Third level is where we solve all of the rest of your problems. First level asks if you turned it off and turned it back on again, Second level helps you reinstall … but Third level gets deep in the code where sometimes things have just gone funky.
As I learn more about how I learn and my kids learn and the world and learning turns into “everyone is a YouTube star” these days, I find little shares like this great. We’re coming up with new ways to learn things, to teach things, and to reach people.
And I’m not so much talking about YouTube and Twitter and Tumblr and Facebook and Minecraft and Project Spark and, and, and … but the underlying Internet. People can reach across the world with new ideas and share things in a way I never had as a kid. Inspired teachers came from “somewhere” (probably other inspired teachers) and if you were lucky you got one or two in your school career.
And even those without Internet are feeling the effects. Memes become tee-shirts and bags and books and television shows.
Once upon a time, I was a technical writer. My friends were technical writers. My bosses were (usually) technical writers, or, had been, once upon a time.
I was pretty busy honing my trade, so I didn’t give much thought to what we wrote versus, say, what the Education folks wrote. Or the Marketing department put together. Those sell sheets came from somewhere, sure. We’d check for technical accuracy and contribute as SMEs for certification classes and exams, but other than that, our paths rarely crossed.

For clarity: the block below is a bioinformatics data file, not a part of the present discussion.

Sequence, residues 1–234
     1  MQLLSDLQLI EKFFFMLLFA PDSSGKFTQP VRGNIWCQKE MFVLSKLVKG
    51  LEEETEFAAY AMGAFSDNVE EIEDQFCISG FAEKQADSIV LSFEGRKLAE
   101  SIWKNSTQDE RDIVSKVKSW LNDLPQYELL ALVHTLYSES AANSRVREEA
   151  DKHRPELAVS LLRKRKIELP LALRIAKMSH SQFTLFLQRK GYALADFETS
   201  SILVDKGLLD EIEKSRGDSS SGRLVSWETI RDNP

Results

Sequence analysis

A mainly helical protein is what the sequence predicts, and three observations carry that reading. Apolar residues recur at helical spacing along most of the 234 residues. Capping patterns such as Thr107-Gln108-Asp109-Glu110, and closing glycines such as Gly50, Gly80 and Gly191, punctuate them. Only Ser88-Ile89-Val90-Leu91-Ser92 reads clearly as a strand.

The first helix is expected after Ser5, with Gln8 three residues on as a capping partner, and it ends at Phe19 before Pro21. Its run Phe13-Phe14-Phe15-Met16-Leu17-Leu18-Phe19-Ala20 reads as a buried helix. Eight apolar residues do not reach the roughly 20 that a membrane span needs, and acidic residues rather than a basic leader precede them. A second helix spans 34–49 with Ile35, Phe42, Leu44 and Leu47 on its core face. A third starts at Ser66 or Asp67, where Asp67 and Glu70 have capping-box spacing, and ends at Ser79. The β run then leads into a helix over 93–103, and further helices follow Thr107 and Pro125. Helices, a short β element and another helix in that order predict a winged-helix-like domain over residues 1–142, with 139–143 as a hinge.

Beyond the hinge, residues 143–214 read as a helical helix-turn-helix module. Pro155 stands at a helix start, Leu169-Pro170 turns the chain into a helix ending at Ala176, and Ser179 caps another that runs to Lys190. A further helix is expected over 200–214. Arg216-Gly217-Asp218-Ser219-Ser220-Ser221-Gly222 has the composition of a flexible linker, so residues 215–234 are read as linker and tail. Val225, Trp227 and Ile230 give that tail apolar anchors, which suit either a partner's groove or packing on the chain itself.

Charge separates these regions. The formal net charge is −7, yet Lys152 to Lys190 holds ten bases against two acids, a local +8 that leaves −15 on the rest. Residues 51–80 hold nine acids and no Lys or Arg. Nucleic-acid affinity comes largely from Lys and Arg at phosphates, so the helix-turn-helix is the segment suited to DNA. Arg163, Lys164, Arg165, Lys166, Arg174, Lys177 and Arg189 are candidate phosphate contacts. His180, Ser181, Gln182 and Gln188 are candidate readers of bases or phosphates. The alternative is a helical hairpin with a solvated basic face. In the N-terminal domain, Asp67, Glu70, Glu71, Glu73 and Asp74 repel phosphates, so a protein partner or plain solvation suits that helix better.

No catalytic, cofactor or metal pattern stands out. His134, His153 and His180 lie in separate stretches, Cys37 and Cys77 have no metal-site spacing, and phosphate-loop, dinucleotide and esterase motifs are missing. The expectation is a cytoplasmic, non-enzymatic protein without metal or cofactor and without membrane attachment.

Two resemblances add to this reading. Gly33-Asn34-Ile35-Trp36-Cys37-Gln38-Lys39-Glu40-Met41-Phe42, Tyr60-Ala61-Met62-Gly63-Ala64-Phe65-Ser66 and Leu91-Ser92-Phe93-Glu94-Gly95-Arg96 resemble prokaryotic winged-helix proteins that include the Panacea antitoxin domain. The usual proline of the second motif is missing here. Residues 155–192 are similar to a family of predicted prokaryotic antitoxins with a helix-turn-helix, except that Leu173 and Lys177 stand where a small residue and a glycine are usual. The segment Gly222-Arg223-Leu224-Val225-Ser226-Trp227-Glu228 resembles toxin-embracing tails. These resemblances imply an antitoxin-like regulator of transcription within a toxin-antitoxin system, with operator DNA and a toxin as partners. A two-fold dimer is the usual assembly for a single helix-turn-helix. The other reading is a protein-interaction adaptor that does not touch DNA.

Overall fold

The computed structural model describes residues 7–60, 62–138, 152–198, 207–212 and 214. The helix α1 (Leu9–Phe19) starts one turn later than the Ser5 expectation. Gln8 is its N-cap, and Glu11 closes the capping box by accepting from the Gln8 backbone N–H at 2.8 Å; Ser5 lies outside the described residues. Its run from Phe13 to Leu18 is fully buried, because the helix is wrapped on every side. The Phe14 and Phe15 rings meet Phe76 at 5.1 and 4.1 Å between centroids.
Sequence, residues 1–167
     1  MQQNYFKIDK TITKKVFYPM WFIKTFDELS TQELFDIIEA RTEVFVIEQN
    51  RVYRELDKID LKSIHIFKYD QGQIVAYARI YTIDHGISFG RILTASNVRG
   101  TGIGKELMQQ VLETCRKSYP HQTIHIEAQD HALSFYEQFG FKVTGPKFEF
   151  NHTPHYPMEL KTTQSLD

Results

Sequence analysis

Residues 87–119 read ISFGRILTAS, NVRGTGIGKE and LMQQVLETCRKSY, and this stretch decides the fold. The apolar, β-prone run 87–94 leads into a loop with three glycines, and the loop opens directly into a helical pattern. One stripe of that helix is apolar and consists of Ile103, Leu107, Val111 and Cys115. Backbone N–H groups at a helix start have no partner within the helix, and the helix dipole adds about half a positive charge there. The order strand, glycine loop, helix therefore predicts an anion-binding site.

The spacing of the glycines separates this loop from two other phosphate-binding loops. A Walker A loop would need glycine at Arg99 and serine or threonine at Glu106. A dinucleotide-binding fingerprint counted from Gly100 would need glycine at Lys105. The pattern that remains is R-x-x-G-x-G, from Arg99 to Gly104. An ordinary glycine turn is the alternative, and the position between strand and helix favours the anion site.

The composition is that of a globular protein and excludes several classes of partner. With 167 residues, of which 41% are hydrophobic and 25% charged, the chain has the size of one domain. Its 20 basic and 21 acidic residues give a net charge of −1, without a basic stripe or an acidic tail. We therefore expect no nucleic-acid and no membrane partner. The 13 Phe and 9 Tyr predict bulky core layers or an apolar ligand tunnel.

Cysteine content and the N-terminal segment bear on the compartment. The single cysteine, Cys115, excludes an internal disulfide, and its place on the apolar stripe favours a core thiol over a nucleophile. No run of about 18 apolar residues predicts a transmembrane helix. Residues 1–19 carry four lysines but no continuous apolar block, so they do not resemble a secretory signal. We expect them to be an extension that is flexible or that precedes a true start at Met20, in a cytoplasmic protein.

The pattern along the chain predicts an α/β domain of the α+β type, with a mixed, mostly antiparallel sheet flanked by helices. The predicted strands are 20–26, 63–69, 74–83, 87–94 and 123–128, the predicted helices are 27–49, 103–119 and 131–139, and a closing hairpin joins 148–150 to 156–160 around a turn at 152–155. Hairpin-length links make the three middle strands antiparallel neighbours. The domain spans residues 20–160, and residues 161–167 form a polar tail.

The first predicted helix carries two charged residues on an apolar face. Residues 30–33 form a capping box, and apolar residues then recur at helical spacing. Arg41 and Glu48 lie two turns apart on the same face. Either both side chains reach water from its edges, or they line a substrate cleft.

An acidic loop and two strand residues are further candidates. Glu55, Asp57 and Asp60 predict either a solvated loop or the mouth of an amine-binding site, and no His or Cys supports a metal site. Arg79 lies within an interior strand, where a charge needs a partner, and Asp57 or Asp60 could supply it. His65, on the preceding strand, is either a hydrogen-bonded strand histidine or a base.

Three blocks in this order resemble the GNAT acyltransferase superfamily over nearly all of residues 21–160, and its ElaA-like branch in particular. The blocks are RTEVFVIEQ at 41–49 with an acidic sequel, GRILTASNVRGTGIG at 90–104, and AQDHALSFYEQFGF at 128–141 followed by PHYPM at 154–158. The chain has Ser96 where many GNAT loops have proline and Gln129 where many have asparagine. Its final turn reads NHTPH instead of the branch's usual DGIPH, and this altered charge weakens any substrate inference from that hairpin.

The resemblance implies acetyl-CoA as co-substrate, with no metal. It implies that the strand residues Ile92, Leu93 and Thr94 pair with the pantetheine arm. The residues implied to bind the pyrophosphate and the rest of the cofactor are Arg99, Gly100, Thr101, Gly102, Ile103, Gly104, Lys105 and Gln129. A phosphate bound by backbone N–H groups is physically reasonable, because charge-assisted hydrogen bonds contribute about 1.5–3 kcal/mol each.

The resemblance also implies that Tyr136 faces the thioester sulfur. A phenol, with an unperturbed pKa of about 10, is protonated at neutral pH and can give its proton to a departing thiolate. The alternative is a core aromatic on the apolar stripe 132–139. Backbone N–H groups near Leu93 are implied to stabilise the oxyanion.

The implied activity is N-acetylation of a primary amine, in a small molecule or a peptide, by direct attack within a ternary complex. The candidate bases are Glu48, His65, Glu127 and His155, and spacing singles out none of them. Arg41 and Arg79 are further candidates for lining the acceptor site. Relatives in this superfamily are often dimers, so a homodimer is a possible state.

My boss at the time was quite adamant that Education and Technical Writing should be distinctly separate. I was new, I was learning the industry, and I took her word for it and filed the information away for later. I get it, now, but I didn’t then.
Later on, my colleagues at Citrix started calling us Tech Writers something else — Information Developers. There were many things going on then, so I didn’t give it much notice. After all, our employee records still said Technical Writer. I’ve recently noticed Citrix finally officially fixed that, and they’re all Information Developers now (yay!).
But over a decade on from those first discussions of the term Information Developer, I’m seeing movement towards calling Technical Writers by a new name … Content Developers.
The big BUT is … content isn’t always information and information isn’t always content. And this further on into my career, with exposure to much more than Read Mes and technical dictionaries, I can really see that.
I wonder if my colleagues heading down the Content Developer path aren’t headed in the wrong direction? Focusing less on the information aspect of writing?
From working with them, I know they aren’t actually working less with information. Many of them still wrangle direct, specific, technical information that users and administrators and software developers need. They aren’t focusing any less than Information Developers on architecting information properly, or organizing it in a way that makes sense for users. And we’re all doubling down on “touch once” and content management systems, and producing presentation-independent documentation.
But in branding with “Content Developer” rather than “Information Developer”, I think they’re treading on a fuzzier path. Maybe it’s my perception alone that “information” is something you use, and “content” is closer to entertainment and lighter on information. A more casual way of communicating.
And, from my recent reading, the term Content Developer is being used more and more heavily in marketing by copywriters to expand their explanations of what they do in an expanding environment of available work. So I’m not saying the term Content Developer is a bad thing, just that someone else got there first.
Maybe I’m just worried that Content Developer vs Information Developer devalues what Technical Writers do. Especially with the whole Epic lawsuit going on.
Maybe it’s just ducks vs rabbits … and there shouldn’t even be a ‘war’.